Signer Carter Braxton, age 40, lost his fortune during the war.
42-year-old signer Thomas McKean wrote that he was "hunted like a fox by the enemy, compelled to remove my family five times in three month."
46-year-old Richard Stockton signed and was dragged from his bed at night and jailed.
50-year-old signer Lewis Morris had his home taken and used as a barracks.
50-year-old signer Abraham Clark had two sons tortured and imprisoned on the British starving ship Jersey.
More Americans died on British starving ships than died in battle during the Revolution.
53-year-old signer John Witherspoon's son, James, was killed in the Battle of Germantown.
60-year-old signer Philip Livingston lost several properties to British occupation and died before the war ended.
63-year-old signer Francis Lewis had his wife imprisoned and treated so harshly, she died shortly after her release.
65-year-old signer John Hart had his home looted and had to remain in hiding, dying before the war ended.
41-year-old John Adams wrote of the Declaration:
"I am apt to believe that it will be celebrated, by succeeding generations, as the great anniversary Festival.
It ought to be commemorated, as the Day of Deliverance by solemn acts of devotion to God Almighty.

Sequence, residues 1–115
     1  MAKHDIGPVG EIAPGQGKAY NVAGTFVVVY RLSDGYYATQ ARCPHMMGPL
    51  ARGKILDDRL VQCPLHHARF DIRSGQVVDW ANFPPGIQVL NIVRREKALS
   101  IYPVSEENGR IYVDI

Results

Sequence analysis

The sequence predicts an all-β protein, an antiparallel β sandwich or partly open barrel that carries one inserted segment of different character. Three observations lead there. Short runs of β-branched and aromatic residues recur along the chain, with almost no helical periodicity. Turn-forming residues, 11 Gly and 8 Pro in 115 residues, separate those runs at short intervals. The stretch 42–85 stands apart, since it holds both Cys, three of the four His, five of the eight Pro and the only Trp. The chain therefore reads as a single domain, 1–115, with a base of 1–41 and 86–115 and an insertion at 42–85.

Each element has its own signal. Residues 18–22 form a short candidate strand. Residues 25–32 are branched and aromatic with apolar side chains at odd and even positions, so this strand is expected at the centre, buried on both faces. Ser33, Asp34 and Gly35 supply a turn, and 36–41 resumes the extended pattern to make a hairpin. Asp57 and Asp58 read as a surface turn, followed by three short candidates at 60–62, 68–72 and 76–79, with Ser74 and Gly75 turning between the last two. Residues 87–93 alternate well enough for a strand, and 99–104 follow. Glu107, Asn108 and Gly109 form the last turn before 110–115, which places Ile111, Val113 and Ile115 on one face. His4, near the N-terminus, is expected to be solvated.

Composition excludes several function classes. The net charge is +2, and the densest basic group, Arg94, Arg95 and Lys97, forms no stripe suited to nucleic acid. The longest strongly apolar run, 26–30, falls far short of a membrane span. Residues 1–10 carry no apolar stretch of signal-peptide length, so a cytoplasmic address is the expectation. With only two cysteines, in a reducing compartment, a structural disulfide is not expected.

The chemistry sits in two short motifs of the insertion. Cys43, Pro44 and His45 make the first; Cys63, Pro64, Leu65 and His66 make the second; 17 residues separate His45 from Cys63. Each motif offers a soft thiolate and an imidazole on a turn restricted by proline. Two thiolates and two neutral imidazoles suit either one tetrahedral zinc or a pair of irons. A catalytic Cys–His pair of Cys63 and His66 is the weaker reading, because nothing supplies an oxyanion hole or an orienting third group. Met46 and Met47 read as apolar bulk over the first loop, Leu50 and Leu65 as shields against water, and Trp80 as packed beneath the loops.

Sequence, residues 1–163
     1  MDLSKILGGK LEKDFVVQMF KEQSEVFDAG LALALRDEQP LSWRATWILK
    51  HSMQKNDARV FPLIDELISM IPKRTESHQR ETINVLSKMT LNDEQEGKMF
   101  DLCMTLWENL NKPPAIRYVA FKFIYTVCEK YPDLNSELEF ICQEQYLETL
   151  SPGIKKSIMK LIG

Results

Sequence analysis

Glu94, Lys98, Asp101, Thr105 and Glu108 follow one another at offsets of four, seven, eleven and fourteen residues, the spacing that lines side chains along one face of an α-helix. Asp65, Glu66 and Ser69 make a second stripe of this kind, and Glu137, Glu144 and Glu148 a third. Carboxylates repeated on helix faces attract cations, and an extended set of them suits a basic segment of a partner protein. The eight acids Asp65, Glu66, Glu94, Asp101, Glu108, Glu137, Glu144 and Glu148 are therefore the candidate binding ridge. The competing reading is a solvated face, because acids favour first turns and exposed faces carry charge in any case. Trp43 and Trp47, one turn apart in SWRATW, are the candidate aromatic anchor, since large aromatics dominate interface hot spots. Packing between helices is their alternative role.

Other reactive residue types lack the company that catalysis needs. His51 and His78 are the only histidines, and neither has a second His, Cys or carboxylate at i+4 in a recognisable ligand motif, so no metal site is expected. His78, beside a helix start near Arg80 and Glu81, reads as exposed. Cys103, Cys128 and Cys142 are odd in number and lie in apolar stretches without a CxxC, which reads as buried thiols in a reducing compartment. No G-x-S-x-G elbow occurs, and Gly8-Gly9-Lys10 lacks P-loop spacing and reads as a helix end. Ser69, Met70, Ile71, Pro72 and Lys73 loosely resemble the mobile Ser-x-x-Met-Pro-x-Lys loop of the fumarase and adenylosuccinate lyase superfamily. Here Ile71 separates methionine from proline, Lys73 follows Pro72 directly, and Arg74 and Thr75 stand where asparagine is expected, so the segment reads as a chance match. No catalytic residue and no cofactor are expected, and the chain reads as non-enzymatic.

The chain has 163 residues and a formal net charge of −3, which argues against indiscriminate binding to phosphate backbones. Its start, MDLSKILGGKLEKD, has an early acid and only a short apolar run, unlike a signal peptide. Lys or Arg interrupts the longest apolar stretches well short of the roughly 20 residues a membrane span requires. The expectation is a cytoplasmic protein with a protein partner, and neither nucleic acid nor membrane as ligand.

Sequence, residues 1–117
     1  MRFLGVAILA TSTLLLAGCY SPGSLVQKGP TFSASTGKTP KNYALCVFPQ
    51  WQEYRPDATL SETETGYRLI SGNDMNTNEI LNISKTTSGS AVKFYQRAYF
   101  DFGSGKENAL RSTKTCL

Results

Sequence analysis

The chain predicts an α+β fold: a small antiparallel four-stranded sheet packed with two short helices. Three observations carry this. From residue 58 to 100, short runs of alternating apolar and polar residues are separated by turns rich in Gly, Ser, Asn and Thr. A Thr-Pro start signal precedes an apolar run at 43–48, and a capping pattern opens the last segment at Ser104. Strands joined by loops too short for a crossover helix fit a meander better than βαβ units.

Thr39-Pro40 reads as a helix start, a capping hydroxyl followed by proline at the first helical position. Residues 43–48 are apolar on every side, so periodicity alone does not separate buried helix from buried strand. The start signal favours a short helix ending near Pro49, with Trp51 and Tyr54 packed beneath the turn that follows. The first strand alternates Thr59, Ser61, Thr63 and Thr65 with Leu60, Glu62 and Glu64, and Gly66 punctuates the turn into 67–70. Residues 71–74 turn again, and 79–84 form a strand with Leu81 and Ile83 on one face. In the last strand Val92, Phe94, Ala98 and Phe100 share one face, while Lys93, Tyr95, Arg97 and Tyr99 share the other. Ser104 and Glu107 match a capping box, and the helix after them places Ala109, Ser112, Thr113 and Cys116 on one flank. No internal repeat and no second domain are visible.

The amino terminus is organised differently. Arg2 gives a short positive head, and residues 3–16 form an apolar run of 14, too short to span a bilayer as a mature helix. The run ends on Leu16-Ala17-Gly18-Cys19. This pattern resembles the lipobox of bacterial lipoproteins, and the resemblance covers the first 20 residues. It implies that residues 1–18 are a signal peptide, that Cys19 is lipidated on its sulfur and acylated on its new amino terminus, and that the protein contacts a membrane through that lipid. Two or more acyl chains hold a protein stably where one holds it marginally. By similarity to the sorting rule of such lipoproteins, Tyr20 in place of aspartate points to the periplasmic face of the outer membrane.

It ought to be solemnized with pomp and parade, with shews, games, sports, guns, bells, bonfires and illuminations from one End of this Continent to the other from this time forward forever more."
John Adams continued:
"You will think me transported with enthusiasm but I am not.
I am well aware of the toil and blood and treasure, that it will cost us to maintain this Declaration, and support and defend these States.
Yet through all the gloom I can see the rays of ravishing light and glory. I can see that the end is more than worth all the means.
And that Posterity will triumph in that Days Transaction, even although we should rue it, which I trust in God We shall not."
When 54-year-old Samuel Adams signed the Declaration, he said:
"We have this day restored the Sovereign to whom all men ought to be obedient. He reigns in heaven and from the rising to the setting of the sun, let His kingdom come."
http://www.thedeclarationofindependence.org/ Adams, Samuel. 1776, statement made while the Declaration of Independence was being signed. Charles E. Kistler, This Nation Under God (Boston: Richard G. Badger, The Gorham Press, 1924), p. 71. Peter Marshall & David Manuel, The Light & the Glory (NJ: Fleming H. Revell Co., 1977), p. 309. "Our Christian Heritage," Letter from Plymouth Rock (Marlborough, NH: The Plymouth Rock Foundation), p. 8. D.P. Diffine, Ph.D., One Nation Under God - How Close a Separation? (Searcy, Arkansas: Harding University, Belden Center for Private Enterprise Education, 6 edition, 1992), p. 6. Of the fifty-six signers: 17 lost their fortunes, 12 had their homes destroyed, 9 died during the war, 5 were captured as prisoners of war (George Walton, Thomas Heyward, Jr., Arthur Middleton, Edward Rutledge, and Richard Stockton), 1 had two sons captured and put on the British starving ship Jersey (Abraham Clark) and 1 lost his son in the War (John Witherspoon.)